Because buildings sold as part of a 1031 exchange real estate strategy are typically either fully or mostly depreciated, taxpayers and tax preparers often assume that using a cost segregation study to generate additional deductions has limited advantages. But understanding the nuances of how 1031 exchange rules and cost segregation studies interact can still yield meaningful symbiotic tax benefits. In fact, there are a number of different paths that allow owners to realize savings from both of these tax planning strategies, Consider the following examples:
Example 1: Exchange With No New Basis, Applying a Cost Segregation Study to the Old Carryover Basis
A taxpayer sells a property worth $5 million with an adjusted basis of $2 million. They complete a 1031 exchange and acquire a replacement property also worth $5 million and then commission a cost segregation study on the new property and apply the study results to the carryover basis of $2 million. The taxpayer can defer taxation on the $3 million of capital gains by completing the 1031 exchange and generate $220,000 of additional tax depreciation in the current year by utilizing the cost segregation study.
Example 2: Exchange up in Value, Applying Cost Segregation to New Excess Basis
Typically in 1031 exchange real estate transactions, the cost of the replacement property is greater than the value of the sold property, a process that creates a new or “excess” basis. In this example, a taxpayer also sells a property worth $5 million with an adjusted basis of $2 million. They complete the 1031 exchange and acquire a replacement property worth $6.5 million. They commission a cost segregation study on the new property and apply the results to the excess basis of $1.5 million. The old carryover basis of $2 million will continue depreciating under the prior method and depreciate alongside a separate entry for the new basis in the replacement property. The taxpayer gets to defer taxation on the $3 million capital gains by completing the 1031 exchange. Additionally, they also generate $290,000 of additional tax depreciation in the current year because of the cost segregation study.
Example 3: Electing Out of IRC Section 168(k)
In some situations, a taxpayer may find that electing out of IRC Section 168(k) (which allows bonus depreciation in the first year) may result in a more favorable depreciation schedule. Under this election, the taxpayer may treat the adjusted basis of the sold property as if it were disposed of at the time of the 1031 exchange. Instead, both the carryover and the excess basis may be treated as if placed into service when the taxpayer acquired the new property.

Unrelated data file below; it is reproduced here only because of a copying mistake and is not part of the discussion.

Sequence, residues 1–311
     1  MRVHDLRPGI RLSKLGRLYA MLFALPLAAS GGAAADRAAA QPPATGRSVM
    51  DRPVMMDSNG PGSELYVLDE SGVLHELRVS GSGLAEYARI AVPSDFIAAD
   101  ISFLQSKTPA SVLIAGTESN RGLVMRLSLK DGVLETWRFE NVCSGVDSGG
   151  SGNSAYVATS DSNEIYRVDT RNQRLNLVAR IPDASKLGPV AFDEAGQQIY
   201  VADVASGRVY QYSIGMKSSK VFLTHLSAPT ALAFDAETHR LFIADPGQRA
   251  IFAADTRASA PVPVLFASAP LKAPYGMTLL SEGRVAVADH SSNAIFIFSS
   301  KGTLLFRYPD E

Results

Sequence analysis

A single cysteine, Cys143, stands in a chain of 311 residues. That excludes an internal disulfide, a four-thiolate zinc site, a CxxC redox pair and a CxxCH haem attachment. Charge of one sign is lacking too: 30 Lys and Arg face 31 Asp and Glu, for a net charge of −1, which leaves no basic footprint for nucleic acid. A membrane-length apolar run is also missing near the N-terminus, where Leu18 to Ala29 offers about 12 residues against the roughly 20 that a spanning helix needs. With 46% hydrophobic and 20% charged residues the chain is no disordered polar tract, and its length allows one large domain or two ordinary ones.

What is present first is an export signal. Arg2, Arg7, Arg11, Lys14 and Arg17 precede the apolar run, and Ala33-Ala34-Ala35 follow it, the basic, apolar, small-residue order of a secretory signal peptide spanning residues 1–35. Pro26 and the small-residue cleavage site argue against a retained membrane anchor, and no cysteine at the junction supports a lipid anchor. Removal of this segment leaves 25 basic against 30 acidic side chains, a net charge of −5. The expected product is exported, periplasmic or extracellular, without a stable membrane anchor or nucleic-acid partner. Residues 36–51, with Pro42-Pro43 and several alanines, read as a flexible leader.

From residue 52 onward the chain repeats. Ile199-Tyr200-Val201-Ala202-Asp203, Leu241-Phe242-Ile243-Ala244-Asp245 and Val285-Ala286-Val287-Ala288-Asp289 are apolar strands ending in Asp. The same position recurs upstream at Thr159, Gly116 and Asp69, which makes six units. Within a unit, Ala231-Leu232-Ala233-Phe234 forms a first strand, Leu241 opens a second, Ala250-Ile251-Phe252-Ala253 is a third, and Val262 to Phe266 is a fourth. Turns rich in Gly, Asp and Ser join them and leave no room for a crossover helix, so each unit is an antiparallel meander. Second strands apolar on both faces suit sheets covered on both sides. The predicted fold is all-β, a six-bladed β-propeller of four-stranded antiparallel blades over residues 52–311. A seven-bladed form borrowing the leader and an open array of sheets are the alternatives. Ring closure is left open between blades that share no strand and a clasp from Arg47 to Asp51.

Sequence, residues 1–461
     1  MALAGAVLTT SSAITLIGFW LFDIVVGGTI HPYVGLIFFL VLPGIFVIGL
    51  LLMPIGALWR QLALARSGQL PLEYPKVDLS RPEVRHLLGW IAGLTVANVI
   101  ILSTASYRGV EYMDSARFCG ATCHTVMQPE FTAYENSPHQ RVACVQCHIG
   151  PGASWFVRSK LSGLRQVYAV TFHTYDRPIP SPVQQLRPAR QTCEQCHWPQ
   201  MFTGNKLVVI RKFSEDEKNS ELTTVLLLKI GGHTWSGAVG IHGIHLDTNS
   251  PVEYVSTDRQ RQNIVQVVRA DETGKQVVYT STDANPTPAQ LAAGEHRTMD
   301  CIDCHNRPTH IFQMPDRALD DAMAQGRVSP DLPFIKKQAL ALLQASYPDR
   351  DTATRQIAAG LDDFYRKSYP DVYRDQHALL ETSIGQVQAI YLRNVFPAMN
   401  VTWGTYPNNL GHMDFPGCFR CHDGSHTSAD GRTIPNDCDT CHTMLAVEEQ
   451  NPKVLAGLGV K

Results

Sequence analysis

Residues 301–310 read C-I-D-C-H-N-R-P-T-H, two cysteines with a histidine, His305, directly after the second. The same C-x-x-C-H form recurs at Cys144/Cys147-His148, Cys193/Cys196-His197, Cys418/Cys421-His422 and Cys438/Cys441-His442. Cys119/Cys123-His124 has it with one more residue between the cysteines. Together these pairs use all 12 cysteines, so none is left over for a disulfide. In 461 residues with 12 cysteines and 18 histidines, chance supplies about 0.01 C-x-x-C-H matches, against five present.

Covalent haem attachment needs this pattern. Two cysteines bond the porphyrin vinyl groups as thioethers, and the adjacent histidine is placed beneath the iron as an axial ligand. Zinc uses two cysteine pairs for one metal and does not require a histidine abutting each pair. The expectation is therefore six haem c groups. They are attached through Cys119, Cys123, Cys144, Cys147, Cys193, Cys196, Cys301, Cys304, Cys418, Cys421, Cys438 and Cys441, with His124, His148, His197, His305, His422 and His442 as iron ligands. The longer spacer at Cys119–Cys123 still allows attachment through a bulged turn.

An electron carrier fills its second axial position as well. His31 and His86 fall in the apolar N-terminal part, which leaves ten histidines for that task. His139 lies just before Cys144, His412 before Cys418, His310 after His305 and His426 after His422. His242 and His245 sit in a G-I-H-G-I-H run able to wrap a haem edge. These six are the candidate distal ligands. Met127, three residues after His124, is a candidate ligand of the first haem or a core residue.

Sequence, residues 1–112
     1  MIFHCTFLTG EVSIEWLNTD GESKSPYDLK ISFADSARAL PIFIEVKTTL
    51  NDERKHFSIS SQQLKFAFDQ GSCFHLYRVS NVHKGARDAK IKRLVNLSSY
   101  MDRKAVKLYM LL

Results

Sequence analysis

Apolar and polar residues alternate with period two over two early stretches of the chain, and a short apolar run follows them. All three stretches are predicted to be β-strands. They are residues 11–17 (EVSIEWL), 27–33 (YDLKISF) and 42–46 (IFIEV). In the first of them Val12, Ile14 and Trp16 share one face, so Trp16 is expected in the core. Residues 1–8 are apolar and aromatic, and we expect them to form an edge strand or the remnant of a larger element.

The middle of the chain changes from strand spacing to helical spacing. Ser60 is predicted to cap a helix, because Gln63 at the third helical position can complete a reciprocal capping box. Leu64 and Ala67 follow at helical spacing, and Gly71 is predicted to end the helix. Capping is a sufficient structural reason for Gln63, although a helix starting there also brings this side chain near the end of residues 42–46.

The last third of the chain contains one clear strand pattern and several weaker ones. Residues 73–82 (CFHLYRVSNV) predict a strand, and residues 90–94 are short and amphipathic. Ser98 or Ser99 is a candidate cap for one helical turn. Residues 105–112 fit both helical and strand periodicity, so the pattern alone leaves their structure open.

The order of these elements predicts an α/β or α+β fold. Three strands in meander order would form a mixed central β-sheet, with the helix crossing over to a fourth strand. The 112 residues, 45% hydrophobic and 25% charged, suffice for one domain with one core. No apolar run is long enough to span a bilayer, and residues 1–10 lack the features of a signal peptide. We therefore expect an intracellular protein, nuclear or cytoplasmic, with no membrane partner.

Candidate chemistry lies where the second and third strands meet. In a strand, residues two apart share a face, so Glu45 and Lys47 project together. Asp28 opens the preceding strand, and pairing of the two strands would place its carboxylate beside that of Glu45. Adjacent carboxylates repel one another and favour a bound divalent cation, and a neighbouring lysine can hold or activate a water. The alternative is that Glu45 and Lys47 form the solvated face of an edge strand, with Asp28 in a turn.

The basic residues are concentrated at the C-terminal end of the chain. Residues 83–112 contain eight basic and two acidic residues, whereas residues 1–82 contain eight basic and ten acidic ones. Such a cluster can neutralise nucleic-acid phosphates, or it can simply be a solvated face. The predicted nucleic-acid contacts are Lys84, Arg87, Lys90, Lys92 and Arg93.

By doing so, the taxpayer gets to dispose of the carryover basis, but they forgo the one-year bonus depreciation benefit. In the previous example, where a $5 million property was exchanged for a $6.5 million property, the taxpayer would still get to defer the taxes on capital gains. However, they would take depreciation deductions more gradually, over a few years rather than all at once, since they would not benefit from bonus depreciation. By completing a cost segregation study, they could expect to see $100,000, $160,000, $90,000, $49,000 and $48,000 in additional tax depreciations in each of the first five years of service upon acquiring the new property. However, they still enjoy the advantage of accelerating depreciation that they would expect from a cost segregation study while keeping more simplified asset depreciation records for the exchange transaction.
There have been some significant changes to tax laws over the past couple of years which have extensive ramifications on both companies and individuals. As with many of the tax planning strategies that have been updated since these changes, the devil is often in the details. Do not simply assume there are no opportunities for savings.
The professionals at BPM have the knowledge and the resources you need to answer all of your Section 1031 exchange and cost segregation questions.To learn more about how BPM can help you find the optimal real estate tax planning strategy for your unique circumstances, contact James Su, Managing Director in our Tax practice, today.